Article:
“Our student entrepreneurs have a unique set of skills and experience based on design thinking,” McKinley said. “Their design sensibility gives them a heightened awareness of consumer insights, and I think that’s unique to our approach to education. They develop the types of businesses that have a real impact on the world.”
Silvio Tinello, who co-founded a firm offering sustainable outdoor furniture and products in his native Argentina, received a prestigious international Fulbright scholarship to study sustainable design at PhilaU. While working on his master’s degree, he also wanted to further develop his business and move into the U.S. market. In addition to coaching from PhilaU’s LaunchPad, he received funding to participate in several events, including this spring’s MIT Waste Allliance innovation forum, where he won first place for his Buna line of products made from recycled rubber.
Tinello, who graduated in May and is working at community biolab Genspace in Brooklyn this summer while continuing to develop his thesis project, said he came to PhilaU to “learn from the best” in sustainable design, but at the same time “received a lot of advice relating to business development and startups.”
Faculty members who work with entrepreneurial-minded students see an uptick in interest and opportunity. Industrial design program director Tod Corlett said while these programs traditionally have been a breeding ground for product-based businesses, “the Blackstone LaunchPad has been a game-changer for us, because it allows designers to get the management, legal, entrepreneurial and finance expertise they need.”
And Mark Sunderland, textile engineer and academic operations director for Kanbar College of Design, Engineering and Commerce, said a recent industry engagement project with Verizon Communications to ideate wearable technology created an innovation hub where students researched, experimented, solved problems and discovered new opportunities. “For many students, this was a big step on their entrepreneurial journey,” he said. Read about PhilaU’s collaboration with Verizon Communications.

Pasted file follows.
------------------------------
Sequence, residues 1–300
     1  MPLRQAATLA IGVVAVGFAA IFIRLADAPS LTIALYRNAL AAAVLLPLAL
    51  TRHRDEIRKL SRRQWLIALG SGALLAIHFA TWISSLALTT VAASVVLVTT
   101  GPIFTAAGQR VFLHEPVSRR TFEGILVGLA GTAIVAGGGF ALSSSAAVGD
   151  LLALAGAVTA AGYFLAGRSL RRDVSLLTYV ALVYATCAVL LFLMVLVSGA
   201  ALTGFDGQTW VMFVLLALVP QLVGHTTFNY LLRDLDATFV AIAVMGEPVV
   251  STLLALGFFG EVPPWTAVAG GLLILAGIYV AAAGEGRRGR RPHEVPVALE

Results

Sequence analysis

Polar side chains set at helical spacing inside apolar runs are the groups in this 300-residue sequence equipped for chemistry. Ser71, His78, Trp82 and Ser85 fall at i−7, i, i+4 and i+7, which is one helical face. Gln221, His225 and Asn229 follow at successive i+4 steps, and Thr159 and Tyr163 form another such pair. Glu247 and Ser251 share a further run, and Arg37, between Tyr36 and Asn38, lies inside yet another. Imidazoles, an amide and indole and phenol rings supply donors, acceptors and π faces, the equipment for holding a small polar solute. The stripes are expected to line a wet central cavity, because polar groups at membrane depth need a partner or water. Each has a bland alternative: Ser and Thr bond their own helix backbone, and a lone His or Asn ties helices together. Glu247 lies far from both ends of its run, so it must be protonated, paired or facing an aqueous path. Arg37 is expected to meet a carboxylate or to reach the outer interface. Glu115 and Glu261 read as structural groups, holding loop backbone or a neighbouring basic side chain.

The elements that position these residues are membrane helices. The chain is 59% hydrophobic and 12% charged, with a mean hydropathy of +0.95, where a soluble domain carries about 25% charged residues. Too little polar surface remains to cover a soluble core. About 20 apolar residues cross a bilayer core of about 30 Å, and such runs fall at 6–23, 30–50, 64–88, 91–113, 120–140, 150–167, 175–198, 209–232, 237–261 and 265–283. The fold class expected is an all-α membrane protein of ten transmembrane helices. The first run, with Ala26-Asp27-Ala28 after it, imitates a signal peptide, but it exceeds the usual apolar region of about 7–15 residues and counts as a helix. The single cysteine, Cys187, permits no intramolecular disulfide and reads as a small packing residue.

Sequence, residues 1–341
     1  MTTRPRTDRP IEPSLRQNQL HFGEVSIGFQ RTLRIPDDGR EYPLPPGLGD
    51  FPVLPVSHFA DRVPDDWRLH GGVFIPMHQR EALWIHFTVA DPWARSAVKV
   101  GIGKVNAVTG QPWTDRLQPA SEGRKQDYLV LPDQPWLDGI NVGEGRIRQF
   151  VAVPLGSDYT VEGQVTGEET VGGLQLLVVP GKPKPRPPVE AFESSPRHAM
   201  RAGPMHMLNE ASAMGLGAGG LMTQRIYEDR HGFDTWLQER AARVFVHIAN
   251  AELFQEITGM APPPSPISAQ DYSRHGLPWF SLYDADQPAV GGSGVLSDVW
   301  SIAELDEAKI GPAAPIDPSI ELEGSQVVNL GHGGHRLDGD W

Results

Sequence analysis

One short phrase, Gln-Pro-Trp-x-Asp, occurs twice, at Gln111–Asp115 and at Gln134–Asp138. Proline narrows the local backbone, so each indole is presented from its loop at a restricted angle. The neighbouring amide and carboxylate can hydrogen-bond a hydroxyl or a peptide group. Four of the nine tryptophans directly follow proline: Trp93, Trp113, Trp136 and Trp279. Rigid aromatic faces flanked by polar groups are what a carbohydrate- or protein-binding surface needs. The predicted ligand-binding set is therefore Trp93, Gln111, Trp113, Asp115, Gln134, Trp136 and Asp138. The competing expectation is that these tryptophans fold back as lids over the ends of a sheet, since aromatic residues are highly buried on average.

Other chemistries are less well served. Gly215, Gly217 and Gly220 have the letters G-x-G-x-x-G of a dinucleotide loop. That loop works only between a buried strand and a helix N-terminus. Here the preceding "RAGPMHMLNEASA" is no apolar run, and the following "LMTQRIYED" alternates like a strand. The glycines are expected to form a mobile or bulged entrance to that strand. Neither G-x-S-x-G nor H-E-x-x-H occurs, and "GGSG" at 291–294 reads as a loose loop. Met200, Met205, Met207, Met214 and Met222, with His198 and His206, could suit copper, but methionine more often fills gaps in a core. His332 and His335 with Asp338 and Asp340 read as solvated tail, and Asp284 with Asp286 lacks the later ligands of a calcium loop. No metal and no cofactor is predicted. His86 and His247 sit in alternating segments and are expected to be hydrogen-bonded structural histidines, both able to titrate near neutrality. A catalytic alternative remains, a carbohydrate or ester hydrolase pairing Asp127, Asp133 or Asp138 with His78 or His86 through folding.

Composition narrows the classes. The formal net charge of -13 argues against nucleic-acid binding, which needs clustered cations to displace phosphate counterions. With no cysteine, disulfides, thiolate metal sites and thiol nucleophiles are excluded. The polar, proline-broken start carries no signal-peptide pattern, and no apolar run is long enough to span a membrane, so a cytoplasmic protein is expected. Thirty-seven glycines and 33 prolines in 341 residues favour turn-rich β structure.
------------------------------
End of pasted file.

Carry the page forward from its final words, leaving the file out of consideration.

At the same time, many student entrepreneurs find their way to the president’s office, where PhilaU’s entrepreneur-in-chief hears them out, offers insights and asks critical questions.
“When you are trained to explore opportunities and create business models to deliver value, then seeking new ventures becomes a natural step,” Spinelli said of PhilaU’s students. “This inclination often leads students to my office for advice. I always start with questions about the opportunity. Since we implemented the new curriculum students have been very sharp about articulating market demand and the competitive advantage their venture will have in fulfilling that demand.”
Watch this space for a series of profiles, called The PhilaU Entrepreneurs, on student and alumni business ventures, starting June 22 with a story on alumni Colin Hansel and Morgan Gaumann and their innovative surfboard company Rodeobird.
Check out other student and alumni features:
Morgan Gaumann and Colin Hansel Create Unique Surfboards
Matt Cook Brings Form and Function to Urban Backpacks
Morgan Berman Designs My MilkCrate App for Sustainable Living
Jonny Nguyen and Christopher Dang Plan to Serve On-The-Go Pho
Galen Kane Designs a Better Water-Filtering Bottle